The current challenging economic conditions make effectively managing cash flow and collections more important than ever for small business owners. Business owners usually have a good command over the expense portion of their cash flow. It’s easy to track with basic software. Most small business owners, however, aren’t as comfortable managing accounts receivables and knowing when to turn them over for collection.
Periodically review your receivables and analyze whether they should be turned over to a collection agency or attorney for collection. You can do this with two relatively simple calculations: Days in accounts receivable (A/R) Net collections percentage
Days in A/R measures the rate of A/R turnover. It represents the number of days of A/R outstanding based on the business’s average daily revenue. To calculate days in A/R, take your total A/R divided by the business’s average daily revenue. (For the average daily revenue, divide total revenue for the last three months by 90.3 days, representing three months.) Be concerned when this number is in excess of 30-45 days. The second calculation is a measure of a business’s effectiveness in collecting revenue. This calculation allows you to determine how much revenue is lost due to factors such as uncollectible bad debt, inappropriate adjustments, payment posting errors or internal theft.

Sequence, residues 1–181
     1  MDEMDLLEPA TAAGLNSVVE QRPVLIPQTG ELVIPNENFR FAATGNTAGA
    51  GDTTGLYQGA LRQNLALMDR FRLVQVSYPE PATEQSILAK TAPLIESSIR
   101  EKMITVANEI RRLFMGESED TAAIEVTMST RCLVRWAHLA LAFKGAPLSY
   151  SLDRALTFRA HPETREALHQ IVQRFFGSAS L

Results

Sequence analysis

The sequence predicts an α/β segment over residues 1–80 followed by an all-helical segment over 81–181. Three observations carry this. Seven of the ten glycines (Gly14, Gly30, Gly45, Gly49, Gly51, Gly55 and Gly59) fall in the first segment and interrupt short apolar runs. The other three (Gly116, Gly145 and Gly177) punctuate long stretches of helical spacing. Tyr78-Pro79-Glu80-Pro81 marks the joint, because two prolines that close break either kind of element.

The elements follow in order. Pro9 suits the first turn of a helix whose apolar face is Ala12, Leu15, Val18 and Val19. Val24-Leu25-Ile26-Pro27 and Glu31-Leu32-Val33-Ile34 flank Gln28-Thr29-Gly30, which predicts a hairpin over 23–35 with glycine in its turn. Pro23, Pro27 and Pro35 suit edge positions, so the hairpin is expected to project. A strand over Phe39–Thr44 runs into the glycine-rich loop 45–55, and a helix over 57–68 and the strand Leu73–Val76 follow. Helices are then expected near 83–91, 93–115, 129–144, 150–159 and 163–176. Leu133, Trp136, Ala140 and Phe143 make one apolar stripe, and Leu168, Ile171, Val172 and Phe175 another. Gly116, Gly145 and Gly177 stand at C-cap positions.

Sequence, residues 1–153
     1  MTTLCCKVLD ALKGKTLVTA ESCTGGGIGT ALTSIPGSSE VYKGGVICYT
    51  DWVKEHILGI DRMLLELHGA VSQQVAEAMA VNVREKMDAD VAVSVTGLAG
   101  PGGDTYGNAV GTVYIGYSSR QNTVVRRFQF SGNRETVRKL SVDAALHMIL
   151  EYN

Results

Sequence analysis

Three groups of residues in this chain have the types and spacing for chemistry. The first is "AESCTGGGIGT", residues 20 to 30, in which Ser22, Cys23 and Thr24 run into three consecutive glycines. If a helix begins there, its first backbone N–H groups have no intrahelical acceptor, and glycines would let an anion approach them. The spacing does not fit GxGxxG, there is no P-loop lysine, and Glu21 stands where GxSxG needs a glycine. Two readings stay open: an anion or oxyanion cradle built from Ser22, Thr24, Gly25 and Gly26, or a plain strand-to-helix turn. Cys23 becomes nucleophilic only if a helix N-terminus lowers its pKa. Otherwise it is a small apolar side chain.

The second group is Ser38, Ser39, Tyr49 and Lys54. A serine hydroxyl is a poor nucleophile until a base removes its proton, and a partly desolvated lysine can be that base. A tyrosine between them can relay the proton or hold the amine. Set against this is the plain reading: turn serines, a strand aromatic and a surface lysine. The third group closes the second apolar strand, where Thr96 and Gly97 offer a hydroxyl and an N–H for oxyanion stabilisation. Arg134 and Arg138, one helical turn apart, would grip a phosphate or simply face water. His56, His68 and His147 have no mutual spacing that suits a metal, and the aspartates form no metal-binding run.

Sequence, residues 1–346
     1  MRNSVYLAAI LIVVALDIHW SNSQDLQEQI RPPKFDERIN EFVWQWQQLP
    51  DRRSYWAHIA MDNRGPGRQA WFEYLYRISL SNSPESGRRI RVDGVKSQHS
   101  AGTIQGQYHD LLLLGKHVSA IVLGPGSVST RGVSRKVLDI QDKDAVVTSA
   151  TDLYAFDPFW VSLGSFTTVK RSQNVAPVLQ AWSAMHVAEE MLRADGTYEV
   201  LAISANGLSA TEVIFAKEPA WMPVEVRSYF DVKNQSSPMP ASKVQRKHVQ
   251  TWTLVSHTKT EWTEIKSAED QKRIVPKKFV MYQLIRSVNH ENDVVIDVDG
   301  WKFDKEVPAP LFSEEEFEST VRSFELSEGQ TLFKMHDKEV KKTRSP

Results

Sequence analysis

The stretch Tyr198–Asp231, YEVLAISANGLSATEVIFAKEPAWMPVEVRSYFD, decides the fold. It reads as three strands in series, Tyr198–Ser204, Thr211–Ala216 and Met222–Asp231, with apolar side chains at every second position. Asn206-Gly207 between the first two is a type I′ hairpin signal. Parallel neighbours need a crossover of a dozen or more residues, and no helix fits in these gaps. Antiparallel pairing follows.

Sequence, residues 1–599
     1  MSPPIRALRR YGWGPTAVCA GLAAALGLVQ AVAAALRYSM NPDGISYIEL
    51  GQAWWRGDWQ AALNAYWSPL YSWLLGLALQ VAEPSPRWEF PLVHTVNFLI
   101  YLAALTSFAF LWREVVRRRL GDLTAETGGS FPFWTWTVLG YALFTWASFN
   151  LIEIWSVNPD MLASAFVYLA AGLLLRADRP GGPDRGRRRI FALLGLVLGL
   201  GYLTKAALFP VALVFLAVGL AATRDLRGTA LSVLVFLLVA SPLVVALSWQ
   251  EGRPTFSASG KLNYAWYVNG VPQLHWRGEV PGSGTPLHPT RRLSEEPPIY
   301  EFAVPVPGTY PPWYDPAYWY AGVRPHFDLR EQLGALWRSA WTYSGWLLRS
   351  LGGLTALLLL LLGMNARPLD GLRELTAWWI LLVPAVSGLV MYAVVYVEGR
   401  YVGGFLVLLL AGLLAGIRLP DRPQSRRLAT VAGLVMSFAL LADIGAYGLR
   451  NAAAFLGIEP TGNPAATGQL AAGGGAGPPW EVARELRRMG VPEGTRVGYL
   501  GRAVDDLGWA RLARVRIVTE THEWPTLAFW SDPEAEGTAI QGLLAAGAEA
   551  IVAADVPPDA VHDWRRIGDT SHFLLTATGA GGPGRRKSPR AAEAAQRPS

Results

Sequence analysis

To calculate the net collections percentage, divide receipted money (less refunds) by invoices (less approved write-offs) for the selected time frame. Base your calculation on the day of the invoice or date of service. That way, you avoid comparing charges generated in the current month with payments and adjustments taken on claims from many prior months. For most industries, a total net collections percentage of about 95% is critical for long-term success. If your business is struggling with these ratios, seriously consider involving a collection agency, or attorney, to assist with turning your receivables into cash and improving your bottom-line. Collecting receivables is highly regulated by the federal government under both the Fair Debt Collections Act (“FDCPA”) and the Bankruptcy Abuse Protection and Consumer Protection Act (“BAPCA”). It’s vitally important that you receive input from experienced and competent legal counsel.
To help you navigate these laws, Strauss & Troy can assist you with both the analysis of the A/R ratios and applicable federal laws. We can also assist your business with putting a proper collections procedure in place to make it easier to receive and collect judgments and avoid running afoul of the FDCPA and BAPCA.
Strauss & Troy Attorney Jack Gatlin regularly practices in the areas of small business law, civil litigation, collections, commercial transactions, family business planning and probate. Contact Jack at email@example.com or 513-768-9710.